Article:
Website optimization tips for today’s consumer habits
While brick and mortar retailers struggle with how to open their doors safely (and creatively- digital reservations, innovative displays, virtual reality?), ecomm remains the consumer first choice, and we have every indication that this trend is here to stay. High earners are back to spending at pre-covid levels online. The pandemic has raised the value of ecomm: folks are all too willing to shell out a little bit more on the same items when shopping from home as they would in store. For businesses, this means a shift in marketing budget: it’s time to invest in website optimization. Here are a few ways we’ve helped clients improve conversions with simple site updates.
Regardless of whether a shop has a higher conversion rate on desktop vs. mobile (and it’s important to be aware of these metrics), more “window shopping” occurs on mobile. Websites must be optimized for mobile in order to survive today. Simple design tweaks (large fonts, big juicy BUY NOW buttons) are easy updates. A clear, clickable, organized navigation is clutch (it’s easy to lose sales here), even if it differs from the desktop navigation. If a consumer is shopping on mobile, they have a focused attention span so it’s important to use small screen size wisely (make all images clickable, omit unnecessary content blocks or design elements). Finally, Instagram has programmed us to appreciate the endless scroll, so don’t be afraid to go deep on non-shopping pages, like the homepage.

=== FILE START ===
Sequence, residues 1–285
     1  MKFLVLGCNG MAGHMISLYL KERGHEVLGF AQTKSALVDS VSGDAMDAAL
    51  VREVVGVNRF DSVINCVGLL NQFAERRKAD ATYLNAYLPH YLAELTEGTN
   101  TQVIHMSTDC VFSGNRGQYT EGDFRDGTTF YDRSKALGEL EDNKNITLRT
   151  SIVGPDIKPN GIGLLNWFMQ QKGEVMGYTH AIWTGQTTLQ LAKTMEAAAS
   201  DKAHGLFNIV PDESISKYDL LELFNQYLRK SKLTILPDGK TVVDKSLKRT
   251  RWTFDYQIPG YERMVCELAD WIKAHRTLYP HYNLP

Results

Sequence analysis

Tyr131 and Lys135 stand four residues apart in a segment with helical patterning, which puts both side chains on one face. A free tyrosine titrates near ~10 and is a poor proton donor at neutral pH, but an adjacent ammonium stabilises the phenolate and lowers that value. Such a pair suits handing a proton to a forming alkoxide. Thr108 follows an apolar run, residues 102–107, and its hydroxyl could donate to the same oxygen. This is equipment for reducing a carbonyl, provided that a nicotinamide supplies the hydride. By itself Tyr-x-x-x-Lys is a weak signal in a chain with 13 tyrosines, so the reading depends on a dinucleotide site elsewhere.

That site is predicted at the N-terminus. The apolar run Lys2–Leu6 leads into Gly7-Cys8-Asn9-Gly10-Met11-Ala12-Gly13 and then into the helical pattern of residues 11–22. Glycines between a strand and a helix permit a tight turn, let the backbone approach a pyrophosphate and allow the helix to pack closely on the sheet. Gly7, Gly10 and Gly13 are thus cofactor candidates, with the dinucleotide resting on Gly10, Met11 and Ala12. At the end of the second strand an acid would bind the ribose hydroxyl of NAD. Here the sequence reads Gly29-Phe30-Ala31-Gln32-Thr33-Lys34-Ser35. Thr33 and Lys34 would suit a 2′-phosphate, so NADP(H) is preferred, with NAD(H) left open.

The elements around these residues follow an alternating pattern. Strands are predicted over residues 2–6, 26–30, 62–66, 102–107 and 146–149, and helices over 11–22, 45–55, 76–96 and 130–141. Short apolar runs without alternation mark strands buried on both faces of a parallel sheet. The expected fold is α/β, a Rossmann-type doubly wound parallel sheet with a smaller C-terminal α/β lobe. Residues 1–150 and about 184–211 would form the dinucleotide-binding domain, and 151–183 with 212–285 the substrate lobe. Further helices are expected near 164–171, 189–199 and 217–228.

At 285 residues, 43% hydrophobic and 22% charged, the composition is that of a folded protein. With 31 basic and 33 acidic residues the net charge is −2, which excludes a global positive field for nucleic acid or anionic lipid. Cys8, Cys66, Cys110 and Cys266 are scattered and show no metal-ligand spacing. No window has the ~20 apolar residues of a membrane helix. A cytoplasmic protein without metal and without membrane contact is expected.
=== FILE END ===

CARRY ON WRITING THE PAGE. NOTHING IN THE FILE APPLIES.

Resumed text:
SEO optimization is the single most effective way to increase online sales quickly in that it ensures customers can find a site quickly and focused consumers can discover the brand easily. So many sites overlook this simple step, hurting their searchability. We use Google AdWord Keyword Finder to identify search terms, and then craft content around them (starting with the homepage). Meta Titles and Descriptions are another place to spend some time. This is prime real estate to plug search terms, succinctly sell the business and give a slick first impression.
To improve a website’s user experience and clear the path to frictionless shopping, it’s necessary to dive into the mind of a consumer, to move around the site as one might a store. Our first step is to identify the priority pages through Google Analytics and then remove any barriers to those pages, often driving consumers to them smoothly through CTAs above the fold on the homepage, obvious page names in the navigation and clean dropdown menus when subpages are needed. Photos and illustrations are another great tool to grab user attention and give quick visual cues (like a mannequin in a department store).